They say travel broadens the mind. Whether that’s the celebrated writer Mark Twain philosophising in his best-selling book The Innocents Abroad or teenagers justifying their boozy gap year tour through South-East Asia as ‘self-improvement’, the concept of expanding one’s personal horizons by heading for the literal horizon has become an accepted truism. Whether applied earnestly or flippantly, the logic that diversifying your experiences and interactions can have a constructive effect seems sound, and in a world opened up by air travel and the internet, this idea is permeating wider corners of culture. In electronic music, artists are working across countries in the pursuit of creating and capturing boundary-breaking sounds. They're artists without borders, musicians sans frontières.
Xosar participated in the 2014 Red Bull Music Academy in Tokyo, and found the opportunity to collaborate with musicians hailing from all corners of the globe in a new setting thousands of miles from home to be a “magical” experience. “It’s not easy to meet like-minded people, in any field, but when it happens, I deeply cherish it,” says Xosar, adding that it incubates “forces that are as big as your imagination will go. It’s like being at Hogwarts School of Witchcraft and Wizardry.”
While at the Academy, Xosar got in the studio with a “spontaneous and random configuration” of producers hailing from America, Holland, Portugal and the UK (Nightfeelings, Torus, MMMOOONNNOOO and Ossie respectively) and American rapper and producer Zebra Katz and made ‘?’, a fraught, adrenaline-charged track that marries an intense mix of growling bass, searing synth surges and spiky noise. The creative process behind the gripping production involved the artists gathering together and sharing their varying perspectives, leading to the distinctly out-there result. “We would usually have a phase of generating a matrix of thoughts and ideas, we would show each other YouTubes and other songs we’ve made, talk about bigger movements in society that are on our mind,” explains Xosar. “Then we start working on it, each person goes around and tries to contribute an idea, and eventually a more cohesive set of emotional and physical energies can be realised.”
Arlen Dilsizian and Derek Debru are the co-founders of Ugandan label Nyege Nyege Tapes, who established Boutiq Studio in the Makindye district of Kampala in 2015, a community-focused recording space that is designed to be open to artists “whose work we feel aligns with the vision and aims of the studio”. They extend invites to musicians hailing from across the globe, and inside the ripe creative conditions of the Boutiq Studio, musical experiments are producing exceptional results. An early guest of the studio was Los Angeles hip hop mainstay Riddlore, who worked with field recordings to make what Dilsizian and Debru described as a “new Afro inspired bass sound” in the liner notes of the resultant 14-track album ‘Afromutations’. “He came up with a sound that sounded completely fresh to us,” the label heads say, “both in the way it reworked the field recordings, but also in relation to the already incredible body of work he had previously made.” Another memorable session occurred when legendary synth player Mamman Sani stayed for a month. Sani had never previously left his home nation of Niger to visit another African country before heading to Boutiq Studio, and while there he became taken with the sounds of Ugandan music style electro acholi, spending hours each day improvising reinterpretations of the recordings laid down by locals.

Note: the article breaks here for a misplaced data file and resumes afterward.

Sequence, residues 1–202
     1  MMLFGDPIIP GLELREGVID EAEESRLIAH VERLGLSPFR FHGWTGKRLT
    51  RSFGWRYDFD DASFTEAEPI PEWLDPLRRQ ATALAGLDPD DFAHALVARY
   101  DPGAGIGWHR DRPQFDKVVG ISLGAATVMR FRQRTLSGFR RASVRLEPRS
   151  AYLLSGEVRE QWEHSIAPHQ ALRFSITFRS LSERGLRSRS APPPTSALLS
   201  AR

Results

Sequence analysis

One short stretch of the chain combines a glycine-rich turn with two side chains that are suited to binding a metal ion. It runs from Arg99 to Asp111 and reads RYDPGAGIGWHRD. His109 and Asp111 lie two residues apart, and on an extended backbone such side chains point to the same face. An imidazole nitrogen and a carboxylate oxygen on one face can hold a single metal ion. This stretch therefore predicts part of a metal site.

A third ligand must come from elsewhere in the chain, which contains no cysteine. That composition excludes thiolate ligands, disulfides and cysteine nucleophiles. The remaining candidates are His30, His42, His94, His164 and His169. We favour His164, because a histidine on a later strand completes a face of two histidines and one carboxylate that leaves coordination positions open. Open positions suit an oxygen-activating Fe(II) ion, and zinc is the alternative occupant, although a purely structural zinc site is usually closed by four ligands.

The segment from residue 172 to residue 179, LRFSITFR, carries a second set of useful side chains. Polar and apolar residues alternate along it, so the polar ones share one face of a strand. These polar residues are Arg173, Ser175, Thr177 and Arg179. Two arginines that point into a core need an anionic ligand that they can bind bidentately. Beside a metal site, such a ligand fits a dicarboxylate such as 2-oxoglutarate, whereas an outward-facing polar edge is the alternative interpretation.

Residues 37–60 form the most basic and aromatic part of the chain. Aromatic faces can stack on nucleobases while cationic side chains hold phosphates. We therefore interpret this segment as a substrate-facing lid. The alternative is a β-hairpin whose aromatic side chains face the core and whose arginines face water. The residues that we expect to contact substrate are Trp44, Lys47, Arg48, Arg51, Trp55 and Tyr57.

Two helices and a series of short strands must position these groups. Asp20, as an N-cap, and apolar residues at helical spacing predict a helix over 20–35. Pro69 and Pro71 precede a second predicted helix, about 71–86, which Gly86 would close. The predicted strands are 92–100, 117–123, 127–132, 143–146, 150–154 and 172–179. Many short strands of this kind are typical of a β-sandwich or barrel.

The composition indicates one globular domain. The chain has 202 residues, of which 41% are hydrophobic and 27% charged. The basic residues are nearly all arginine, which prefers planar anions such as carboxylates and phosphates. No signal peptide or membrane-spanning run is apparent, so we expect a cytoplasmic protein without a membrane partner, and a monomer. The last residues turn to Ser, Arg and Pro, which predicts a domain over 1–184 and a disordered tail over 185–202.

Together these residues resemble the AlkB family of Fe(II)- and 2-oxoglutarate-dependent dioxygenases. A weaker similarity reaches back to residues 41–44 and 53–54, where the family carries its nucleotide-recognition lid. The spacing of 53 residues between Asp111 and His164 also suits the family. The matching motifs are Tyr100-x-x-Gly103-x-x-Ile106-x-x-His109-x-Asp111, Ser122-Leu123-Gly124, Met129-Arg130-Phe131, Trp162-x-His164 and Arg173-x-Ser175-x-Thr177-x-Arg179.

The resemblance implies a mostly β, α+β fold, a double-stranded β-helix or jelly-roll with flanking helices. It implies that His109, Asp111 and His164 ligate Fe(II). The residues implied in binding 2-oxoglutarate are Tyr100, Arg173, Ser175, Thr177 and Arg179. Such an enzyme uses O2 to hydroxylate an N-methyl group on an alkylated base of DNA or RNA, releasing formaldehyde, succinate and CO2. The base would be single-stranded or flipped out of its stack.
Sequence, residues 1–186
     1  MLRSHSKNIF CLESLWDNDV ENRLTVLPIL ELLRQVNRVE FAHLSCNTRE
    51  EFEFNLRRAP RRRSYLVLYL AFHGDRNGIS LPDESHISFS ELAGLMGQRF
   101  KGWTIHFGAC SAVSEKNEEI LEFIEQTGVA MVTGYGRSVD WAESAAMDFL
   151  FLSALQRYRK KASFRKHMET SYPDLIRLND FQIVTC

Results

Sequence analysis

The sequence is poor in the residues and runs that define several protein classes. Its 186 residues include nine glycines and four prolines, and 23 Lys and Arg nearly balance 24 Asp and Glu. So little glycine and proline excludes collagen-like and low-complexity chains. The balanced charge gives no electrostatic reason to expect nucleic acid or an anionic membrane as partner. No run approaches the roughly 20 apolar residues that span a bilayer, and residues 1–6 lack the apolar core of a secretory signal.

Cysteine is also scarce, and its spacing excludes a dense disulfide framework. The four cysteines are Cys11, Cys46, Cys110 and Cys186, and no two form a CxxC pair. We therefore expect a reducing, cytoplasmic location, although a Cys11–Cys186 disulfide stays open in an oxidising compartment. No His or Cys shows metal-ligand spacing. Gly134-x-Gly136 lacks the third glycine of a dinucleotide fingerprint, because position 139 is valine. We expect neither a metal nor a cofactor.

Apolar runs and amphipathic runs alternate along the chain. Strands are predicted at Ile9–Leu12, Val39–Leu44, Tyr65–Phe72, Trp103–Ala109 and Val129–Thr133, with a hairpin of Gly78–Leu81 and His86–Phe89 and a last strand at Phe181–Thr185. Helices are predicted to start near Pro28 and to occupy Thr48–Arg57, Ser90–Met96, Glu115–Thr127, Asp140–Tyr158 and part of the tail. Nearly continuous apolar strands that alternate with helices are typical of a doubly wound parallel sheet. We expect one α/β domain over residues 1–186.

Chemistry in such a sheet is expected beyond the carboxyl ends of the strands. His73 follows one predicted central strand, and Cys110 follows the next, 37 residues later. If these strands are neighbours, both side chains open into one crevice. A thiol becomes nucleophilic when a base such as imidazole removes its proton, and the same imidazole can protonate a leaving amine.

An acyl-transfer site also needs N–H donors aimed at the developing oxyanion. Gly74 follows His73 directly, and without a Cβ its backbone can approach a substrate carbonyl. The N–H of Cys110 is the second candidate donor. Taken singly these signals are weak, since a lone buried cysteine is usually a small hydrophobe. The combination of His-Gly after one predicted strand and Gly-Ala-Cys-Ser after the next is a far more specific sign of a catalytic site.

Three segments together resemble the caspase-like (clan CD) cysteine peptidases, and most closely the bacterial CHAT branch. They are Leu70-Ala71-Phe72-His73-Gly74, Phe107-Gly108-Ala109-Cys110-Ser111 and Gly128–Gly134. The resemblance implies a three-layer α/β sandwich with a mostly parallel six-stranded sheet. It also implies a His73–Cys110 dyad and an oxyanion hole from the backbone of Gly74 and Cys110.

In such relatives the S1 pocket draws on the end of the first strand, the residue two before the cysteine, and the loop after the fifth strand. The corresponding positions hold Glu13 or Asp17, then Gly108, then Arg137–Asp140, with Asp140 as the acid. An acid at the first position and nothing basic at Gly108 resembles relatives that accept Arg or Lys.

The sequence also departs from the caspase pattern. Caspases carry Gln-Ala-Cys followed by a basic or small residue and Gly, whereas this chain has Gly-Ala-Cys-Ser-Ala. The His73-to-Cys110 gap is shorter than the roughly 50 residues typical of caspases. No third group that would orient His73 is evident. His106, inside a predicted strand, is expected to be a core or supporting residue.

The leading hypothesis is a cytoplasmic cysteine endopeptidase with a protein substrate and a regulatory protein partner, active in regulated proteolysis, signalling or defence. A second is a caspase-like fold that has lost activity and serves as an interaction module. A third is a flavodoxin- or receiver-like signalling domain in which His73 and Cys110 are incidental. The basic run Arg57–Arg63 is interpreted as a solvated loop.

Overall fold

Leeds-based musician Jacob Maskell-Key first visited Boutiq Studio aftering playing at Nyege Nyege Festival in 2016 alongside Blip Discs artists Tom Blip and O’Flynn, and in 2017 he returned and worked with the Nilotica Cultural Ensemble and Pete Jones on the Nihiloxica project. Their eponymous four-track EP marries synths and percussion into dark, tension fuelled sounds. “Living in a new environment and settling into it makes a big difference to the work. Being able to rehearse every week has allowed us to explore different rhythms from all over Uganda and translate them into our own style. It’s been a beautiful exchange of ideas,” says Maskell-Key. The closing track on the ‘Nihiloxica’ EP is based on an “Mbaru circumcision ritual in the East of Uganda”. Titled ‘Kadodi’, Maskell-Key explains: “It’s a fast paced triplet rhythm that’s supposed celebrate the transition into manhood, but also illustrates the intensity and fear of the whole process.”
Jesse Hackett, an industrious musician who, among other projects, is a live keyboardist for Gorillaz and vocalist and keyboardist for Owiny Sigoma Band, had been to Uganda twice before a Kenya-based mutual friend put him touch with Dilsizian and Debru. Plans were made for Hackett to spend two weeks at Boutiq Studio, but he ended up staying for six, recording the psychedelic ‘Ennanga Vision’ album with electro acholi pioneer Otim Alpha and Albert Ssempeke, a former royal musician for the king of Buganda. “Working in different countries with musicians who have a very different set of skills, life experience and culture is always challenging and can be really rewarding. I guess it has taught me to be able to adjust to elements that are often very alien to me and try find interesting and genuine ways how to reinvent the creative process and product,” says Hackett.
He was taken out of any semblance of a comfort zone when spending a day shooting with local action film makers Wakaliwood, where he was “smothered in pigs intestines and eaten alive by zombie cannibals” for a video accompaniment to the track ‘Kampala Auto Chase’. “I guess the dark, moody, choppy, techno feel of the piece of music kind of suited this bizzare scenario so...we just went with it,” he later said. Dilsizian and Debru pick out the shoot as one of their most unforgettable days since Boutiq Studio opened. Reflecting on the creative direction, they say “as the music develops a crazy parallel visual world is also constructed around the music”.